Presenting various forms, the illness reveals itself after an incubation period of two weeks.  After a phase marked by a certain lassitude and headaches, the patient suffers nauseas, perspiring and fever, soon followed by an eruption of blisters, firstly on the face, then on the whole of the body.  After a few days, the blisters suppurate and the fever worsens.  The moment is delicate, for two hypotheses are then presented:  either the organism succeeds in surmounting the illness, the blisters dry up and a cure follows, even if it leaves its sad stigmata of scarred skin – that of a Mirabeau for example –  or the blisters invade all of the body (known as the “confluent”) and join up, which prepares death by asphyxia, for the respiratory organs are soon affected.  The intensity of the disease can vary.  The “discrete” smallpox only kills one tenth of the patients, the one that is baptised “malignant” kills one fifth of them, while the “confluent” spares only half, or even one third of its victims.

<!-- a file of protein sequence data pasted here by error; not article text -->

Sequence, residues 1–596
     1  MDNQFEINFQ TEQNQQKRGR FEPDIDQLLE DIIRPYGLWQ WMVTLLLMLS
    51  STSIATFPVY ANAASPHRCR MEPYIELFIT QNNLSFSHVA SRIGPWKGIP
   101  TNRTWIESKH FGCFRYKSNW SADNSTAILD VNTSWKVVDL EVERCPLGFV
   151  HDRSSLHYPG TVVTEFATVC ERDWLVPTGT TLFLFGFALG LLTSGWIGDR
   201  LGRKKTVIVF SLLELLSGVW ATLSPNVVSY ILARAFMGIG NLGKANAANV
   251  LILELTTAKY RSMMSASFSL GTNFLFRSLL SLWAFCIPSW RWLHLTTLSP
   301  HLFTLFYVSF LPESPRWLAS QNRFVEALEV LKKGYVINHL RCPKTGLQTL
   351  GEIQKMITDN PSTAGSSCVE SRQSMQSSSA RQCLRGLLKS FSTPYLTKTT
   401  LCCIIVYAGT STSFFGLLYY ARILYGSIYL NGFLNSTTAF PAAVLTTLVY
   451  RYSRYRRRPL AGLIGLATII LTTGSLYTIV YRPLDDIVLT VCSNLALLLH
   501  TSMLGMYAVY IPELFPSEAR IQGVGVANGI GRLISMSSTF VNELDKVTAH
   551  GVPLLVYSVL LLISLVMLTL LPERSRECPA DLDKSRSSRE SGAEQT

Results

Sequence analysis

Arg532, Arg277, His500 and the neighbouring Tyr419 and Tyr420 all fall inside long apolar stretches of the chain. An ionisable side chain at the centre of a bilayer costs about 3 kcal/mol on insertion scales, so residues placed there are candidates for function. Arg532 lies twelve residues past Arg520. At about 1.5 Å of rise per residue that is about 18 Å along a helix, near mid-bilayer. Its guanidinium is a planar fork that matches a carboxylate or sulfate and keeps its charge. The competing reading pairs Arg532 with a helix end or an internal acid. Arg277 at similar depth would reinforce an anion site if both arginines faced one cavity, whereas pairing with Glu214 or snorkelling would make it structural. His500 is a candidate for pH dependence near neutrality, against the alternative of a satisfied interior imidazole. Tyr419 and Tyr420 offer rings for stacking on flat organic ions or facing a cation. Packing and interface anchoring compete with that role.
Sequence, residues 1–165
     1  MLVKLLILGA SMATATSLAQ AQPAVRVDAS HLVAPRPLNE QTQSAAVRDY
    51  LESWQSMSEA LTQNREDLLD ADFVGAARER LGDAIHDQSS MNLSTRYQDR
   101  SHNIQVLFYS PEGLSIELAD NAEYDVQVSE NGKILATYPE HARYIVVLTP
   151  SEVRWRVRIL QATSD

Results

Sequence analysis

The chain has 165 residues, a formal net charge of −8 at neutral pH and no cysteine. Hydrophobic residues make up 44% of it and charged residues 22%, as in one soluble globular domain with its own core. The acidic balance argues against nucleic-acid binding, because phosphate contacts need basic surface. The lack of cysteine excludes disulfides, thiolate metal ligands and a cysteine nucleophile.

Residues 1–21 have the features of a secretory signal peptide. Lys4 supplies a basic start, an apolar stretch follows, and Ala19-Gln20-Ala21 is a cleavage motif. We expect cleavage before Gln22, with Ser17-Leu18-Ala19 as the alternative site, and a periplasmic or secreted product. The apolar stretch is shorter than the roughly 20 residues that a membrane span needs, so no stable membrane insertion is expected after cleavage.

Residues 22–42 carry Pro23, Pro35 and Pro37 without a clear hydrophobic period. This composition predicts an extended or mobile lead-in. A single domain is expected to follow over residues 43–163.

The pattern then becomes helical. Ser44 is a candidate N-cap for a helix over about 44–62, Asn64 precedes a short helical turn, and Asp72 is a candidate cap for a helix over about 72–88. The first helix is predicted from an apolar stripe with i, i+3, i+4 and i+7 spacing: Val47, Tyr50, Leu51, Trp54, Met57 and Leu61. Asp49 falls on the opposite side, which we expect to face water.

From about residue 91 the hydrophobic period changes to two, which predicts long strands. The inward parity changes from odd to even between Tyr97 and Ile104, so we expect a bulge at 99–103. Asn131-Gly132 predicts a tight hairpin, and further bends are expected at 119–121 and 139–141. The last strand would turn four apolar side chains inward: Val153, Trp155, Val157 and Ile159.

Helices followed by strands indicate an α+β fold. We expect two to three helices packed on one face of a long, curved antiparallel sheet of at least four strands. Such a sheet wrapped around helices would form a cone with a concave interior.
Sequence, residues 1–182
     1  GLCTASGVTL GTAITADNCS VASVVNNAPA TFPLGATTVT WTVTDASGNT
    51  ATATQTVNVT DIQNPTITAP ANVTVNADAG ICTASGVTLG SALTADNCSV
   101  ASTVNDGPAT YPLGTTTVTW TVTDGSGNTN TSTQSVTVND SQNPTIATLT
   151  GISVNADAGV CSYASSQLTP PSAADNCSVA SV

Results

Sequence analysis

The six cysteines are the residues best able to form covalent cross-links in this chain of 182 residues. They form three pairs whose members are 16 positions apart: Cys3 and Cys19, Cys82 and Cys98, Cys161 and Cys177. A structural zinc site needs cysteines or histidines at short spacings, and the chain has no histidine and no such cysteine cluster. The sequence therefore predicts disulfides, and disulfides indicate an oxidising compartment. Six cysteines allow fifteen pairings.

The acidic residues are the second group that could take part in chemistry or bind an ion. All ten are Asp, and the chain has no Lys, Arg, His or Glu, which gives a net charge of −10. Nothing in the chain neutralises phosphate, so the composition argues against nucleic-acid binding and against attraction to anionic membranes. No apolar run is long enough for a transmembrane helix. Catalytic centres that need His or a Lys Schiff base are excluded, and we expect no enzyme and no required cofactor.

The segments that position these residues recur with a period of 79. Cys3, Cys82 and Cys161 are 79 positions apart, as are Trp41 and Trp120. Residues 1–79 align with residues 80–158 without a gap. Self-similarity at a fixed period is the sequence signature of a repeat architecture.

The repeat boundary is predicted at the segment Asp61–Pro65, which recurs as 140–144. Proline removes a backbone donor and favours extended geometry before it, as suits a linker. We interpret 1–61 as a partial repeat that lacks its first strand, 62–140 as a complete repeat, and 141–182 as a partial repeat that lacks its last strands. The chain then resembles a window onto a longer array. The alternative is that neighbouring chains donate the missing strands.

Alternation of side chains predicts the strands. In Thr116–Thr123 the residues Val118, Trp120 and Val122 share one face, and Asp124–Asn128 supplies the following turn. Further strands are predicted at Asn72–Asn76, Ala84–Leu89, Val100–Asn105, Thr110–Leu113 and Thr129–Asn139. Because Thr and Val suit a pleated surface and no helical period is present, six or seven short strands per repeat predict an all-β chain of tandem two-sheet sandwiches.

Louis XV.

Multiple complications alter the different organic functions, notably sight, but also respiration or digestion.  This is why the fragility of his respiratory passages, inherited from his smallpox, cost the life of Louis XV’s son, the Grand Dauphin Louis, who died in 1765.  What can be said about the not very attractive aspect that the illness gives to faces, and the terrible sequels that it leaves behind?  According to Doctor Husson, who wrote these lines in 1821,

“it covers the skin with a thousand hideous difformities:  in one place there are vast scars, in others repulsive excavations and excrescences, and not only does it deform and mutilate the appearance, but it often annihilates the most precious senses;  deafness, loss of sight and the complete disorganization of the eye are some of its ordinary effects”.